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Posts by alandail

 Some get the consoles for the very best graphics, others get it just to play games with their family on a big screen. The overall play a game on the TV will grow while the market for the dedicated consoles will shrink to some extent. I have two current generation consoles.  I have a Wii U just to play Mario Cart, which is my all time favorite game on any platform.  I have an Xbox One primarily for the Kinnect games, which there are very few.  I would rather play a game...
 An Apple TV with an app store will be cheaper, will play more games, a larger variety of games, and those games will cost less money.  There also won't be a subscription charge to play games over the internet, again making it cheaper. Apple TV is cheap enough to have one on every TV in the house, gaming consoles are expensive enough that they are generally aren't on every TV. The UI on the Apple TV is already better and apparently is going to get better still. Some people...
 It depends on what you mean by dent.  Apple TV with an app store will have more people spending more hours playing more games than any of the dedicated consoles.  The result will be less people will spend money for higher priced dedicated gaming console and their higher priced games. iOS with an app store on the small screen has already been so disruptive that Nintendo is now building games for iOS.  The Apple TV should be in the ballpark of a Wii U in performance,...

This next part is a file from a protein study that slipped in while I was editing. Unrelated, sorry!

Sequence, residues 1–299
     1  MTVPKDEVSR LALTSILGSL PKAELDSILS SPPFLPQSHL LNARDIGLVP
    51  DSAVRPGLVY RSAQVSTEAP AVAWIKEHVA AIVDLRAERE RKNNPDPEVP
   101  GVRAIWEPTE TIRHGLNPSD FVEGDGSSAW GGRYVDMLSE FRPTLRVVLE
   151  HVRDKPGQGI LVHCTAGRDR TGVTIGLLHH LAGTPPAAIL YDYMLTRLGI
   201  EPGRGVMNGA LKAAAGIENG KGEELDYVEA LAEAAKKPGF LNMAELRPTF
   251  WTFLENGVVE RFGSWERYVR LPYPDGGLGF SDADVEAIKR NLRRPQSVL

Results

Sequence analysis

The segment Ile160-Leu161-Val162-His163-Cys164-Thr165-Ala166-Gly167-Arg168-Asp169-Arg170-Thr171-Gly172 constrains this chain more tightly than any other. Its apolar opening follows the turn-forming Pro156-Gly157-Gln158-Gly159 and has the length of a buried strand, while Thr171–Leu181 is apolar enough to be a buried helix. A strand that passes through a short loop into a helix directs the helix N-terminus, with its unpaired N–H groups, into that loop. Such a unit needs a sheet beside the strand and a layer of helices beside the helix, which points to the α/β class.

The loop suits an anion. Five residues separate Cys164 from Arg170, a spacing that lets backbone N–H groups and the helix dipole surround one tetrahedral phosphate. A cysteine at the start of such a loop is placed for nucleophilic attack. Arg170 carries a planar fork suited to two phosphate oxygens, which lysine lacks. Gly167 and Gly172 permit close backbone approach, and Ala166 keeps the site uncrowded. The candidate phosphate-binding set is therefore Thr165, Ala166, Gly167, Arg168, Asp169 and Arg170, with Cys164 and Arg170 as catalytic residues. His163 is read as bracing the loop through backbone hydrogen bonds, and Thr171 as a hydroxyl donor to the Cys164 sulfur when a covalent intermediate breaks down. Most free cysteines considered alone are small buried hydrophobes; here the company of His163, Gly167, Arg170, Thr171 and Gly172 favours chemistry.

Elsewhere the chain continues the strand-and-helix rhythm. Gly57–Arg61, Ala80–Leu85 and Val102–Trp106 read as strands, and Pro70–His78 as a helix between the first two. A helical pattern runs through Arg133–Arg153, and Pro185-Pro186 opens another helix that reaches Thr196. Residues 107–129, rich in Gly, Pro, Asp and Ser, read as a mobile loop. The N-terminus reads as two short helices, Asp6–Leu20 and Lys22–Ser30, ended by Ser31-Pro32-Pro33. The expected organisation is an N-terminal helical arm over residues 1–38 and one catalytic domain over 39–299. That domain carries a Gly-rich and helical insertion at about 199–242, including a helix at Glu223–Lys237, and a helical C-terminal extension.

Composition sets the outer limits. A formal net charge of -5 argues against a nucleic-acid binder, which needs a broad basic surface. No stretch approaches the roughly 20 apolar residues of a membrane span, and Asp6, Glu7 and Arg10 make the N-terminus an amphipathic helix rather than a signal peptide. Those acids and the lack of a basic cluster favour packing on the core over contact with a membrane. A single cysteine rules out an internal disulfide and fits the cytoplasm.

if they are taking a class in high school, you generally have at least 18 weeks and perhaps a full year.  Even the very first 10 minute example in a playground is going to be calling objects. My son is a CS major.  His intro class was C++.  They did exactly what hmm said above, they used it as C, only had him call std::cin/cout without bothering to first explain they were classes/objects and what a class/object is.  Objects were the last thing scheduled for the class, they...
 assembly language at some point to understand what's going on in the processor is fine.  Certainly professional programmers/computer scientists should have some understanding of what the compiler/cpu is doing with their code.  But not at the high school intro to programming level. And I disagree on procedural programming.  You can build entire apps without ever writing any procedural based code.   I will have to watch the video, but protocols aren't a replacement for...
 you realize that sends them to the Stanford course, not the course mentioned in the article, right?  Maybe I missed it, but I didn't see a link in the article.
 Those are the last things I'd ever do.  You might as well start them with keypunch cards. Object oriented programming is the first thing any new programmer should learn.  Why start them with bad habits (procedural programming) that the next class has to break. And what is the point in using less than state of the art tools.  Xcode shows errors as you type them, playground lets you execute the code as you type it.
 try the new mac pro track pad.  you can touch, click and deep click.  There clearly is difference between touch and drag (select) and click and drag (move).  The track pad doesn't actually move when you click or deep click it aside from haptic feedback, the haptic feedback causes you to feel movement that doesn't actually occur. Force Click could provide similar kinds of additional functionality on iOS devices.
 The phones became computers
 They have force touch on the apple watch.
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